Zora-Arkus Duntov was not the father of the Corvette, but he was the guy who made it a real sports car. Born in Belgium to Russian Jewish parents, Duntov and his family emigrated to the US just as World War II was breaking out. He joined the Corvette team after the car debuted in 1953, and immediately set about trying to compete with the best of Europe.
It was Duntov who got Chevy's small-block V-8 into the 1955 Corvette, and lead the engineering of the legendary Sting Ray. He transformed the car, but his ambitions were far bigger still. Duntov wanted a mid-engine car. He created a number of mid-engine prototypes over the years, but none swayed GM bosses into putting such a Corvette into production.
Now, things are different—the C8 Corvette will have its engine in the middle. And to pay tribute to its godfather, the Corvette team made a subtle tribute to Duntov in the camouflage of the C8 prototype. First , the Corvette team placed stickers with a silhouette of Duntov's face on the car. There's at least two—one on the mirror, and one on the door. You'll have to zoom way in on the photo below of GM CEO Mary Barra standing with the car to see the stickers, though.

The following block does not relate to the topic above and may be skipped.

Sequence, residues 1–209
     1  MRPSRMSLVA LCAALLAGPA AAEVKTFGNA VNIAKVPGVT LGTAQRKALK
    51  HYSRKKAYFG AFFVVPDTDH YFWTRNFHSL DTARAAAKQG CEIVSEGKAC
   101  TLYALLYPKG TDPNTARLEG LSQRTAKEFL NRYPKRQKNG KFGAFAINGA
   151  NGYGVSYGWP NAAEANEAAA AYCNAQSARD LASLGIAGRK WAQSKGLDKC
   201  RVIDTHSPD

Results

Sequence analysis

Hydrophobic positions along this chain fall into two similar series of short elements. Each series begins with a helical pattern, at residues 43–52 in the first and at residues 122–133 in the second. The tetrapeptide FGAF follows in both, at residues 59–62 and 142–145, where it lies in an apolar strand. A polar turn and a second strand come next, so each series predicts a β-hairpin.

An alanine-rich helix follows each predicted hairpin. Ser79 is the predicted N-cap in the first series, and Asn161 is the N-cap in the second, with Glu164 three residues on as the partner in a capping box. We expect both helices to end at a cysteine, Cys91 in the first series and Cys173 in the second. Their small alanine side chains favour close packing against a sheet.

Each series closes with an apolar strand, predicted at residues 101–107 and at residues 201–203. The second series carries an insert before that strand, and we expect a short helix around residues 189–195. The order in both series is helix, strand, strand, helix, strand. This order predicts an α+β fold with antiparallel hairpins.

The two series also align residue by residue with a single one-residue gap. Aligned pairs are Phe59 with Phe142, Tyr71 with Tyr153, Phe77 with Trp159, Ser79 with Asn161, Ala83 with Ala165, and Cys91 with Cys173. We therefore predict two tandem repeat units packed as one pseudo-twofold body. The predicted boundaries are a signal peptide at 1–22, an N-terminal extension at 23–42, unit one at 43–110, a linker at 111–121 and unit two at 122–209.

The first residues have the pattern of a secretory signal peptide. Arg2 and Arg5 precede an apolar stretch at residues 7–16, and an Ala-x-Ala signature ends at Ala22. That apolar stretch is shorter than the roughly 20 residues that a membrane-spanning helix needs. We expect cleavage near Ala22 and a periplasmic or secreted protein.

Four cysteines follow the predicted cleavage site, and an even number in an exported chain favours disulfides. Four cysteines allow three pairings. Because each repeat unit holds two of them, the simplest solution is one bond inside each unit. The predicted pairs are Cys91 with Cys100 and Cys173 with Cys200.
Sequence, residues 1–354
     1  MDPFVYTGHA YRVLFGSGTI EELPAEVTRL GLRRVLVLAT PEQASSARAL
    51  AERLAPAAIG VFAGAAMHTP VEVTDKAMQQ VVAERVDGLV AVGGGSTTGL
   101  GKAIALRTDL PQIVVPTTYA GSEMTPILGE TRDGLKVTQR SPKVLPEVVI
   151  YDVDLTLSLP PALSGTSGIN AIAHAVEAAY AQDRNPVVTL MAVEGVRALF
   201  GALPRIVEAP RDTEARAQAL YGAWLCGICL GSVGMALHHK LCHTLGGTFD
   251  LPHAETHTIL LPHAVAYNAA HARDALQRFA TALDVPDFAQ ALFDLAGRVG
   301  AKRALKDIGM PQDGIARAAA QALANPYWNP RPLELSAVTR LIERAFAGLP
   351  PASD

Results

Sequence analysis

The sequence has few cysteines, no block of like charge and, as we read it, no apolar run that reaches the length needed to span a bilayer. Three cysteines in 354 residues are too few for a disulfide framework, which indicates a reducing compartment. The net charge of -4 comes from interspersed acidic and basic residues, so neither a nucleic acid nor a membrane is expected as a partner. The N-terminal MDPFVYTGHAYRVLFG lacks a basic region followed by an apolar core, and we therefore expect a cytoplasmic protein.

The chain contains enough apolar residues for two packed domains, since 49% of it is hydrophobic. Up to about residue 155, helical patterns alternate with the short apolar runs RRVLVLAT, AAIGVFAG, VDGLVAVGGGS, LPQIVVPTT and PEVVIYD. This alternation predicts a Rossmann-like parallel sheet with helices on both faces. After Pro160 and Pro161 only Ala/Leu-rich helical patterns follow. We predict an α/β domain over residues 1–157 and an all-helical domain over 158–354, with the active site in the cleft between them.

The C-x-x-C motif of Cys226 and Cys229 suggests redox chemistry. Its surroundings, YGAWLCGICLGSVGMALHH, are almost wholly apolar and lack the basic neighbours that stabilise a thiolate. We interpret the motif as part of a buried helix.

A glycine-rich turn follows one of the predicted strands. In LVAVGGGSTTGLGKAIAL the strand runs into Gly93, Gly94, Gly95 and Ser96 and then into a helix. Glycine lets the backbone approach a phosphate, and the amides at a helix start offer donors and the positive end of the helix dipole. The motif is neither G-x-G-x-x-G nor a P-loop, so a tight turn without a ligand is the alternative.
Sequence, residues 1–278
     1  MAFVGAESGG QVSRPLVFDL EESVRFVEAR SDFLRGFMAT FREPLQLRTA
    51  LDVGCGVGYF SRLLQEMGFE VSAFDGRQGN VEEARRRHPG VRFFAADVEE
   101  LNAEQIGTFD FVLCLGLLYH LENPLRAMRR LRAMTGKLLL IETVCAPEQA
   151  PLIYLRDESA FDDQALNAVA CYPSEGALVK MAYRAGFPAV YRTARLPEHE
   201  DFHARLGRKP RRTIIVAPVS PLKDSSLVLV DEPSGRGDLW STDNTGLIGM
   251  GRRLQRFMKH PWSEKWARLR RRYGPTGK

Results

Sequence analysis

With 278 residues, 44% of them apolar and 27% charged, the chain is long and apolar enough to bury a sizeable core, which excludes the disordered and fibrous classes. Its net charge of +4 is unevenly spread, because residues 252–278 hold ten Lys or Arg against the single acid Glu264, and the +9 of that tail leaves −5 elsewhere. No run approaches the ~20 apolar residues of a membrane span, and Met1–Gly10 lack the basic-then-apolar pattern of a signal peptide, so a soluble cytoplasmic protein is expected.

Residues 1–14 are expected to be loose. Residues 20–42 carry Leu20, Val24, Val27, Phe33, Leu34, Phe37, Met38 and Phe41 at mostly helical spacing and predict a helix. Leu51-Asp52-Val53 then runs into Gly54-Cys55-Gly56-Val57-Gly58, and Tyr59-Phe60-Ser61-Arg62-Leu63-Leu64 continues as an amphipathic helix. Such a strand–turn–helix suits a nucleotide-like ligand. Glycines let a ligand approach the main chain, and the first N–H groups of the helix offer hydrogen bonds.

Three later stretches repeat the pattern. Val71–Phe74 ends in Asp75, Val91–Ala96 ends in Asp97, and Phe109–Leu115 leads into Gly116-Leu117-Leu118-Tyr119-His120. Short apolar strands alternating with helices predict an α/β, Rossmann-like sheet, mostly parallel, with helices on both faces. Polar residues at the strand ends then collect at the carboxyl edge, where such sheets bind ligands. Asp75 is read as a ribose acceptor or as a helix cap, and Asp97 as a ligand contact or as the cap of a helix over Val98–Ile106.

It's a small tribute, but it's meaningful. Duntov knew that the way forward for the Corvette was with its engine behind the driver, and while he never saw such a car reach production in his lifetime—he died in 1996 at age 86—it's finally becoming a reality. A larger tribute could be coming, too—there's a rumor that a high-performance version of the C8 could be called the "Zora."
The C8 will break from years of Corvette tradition, but, it maintains an important connection to its history. It's clear that the people behind it realize this.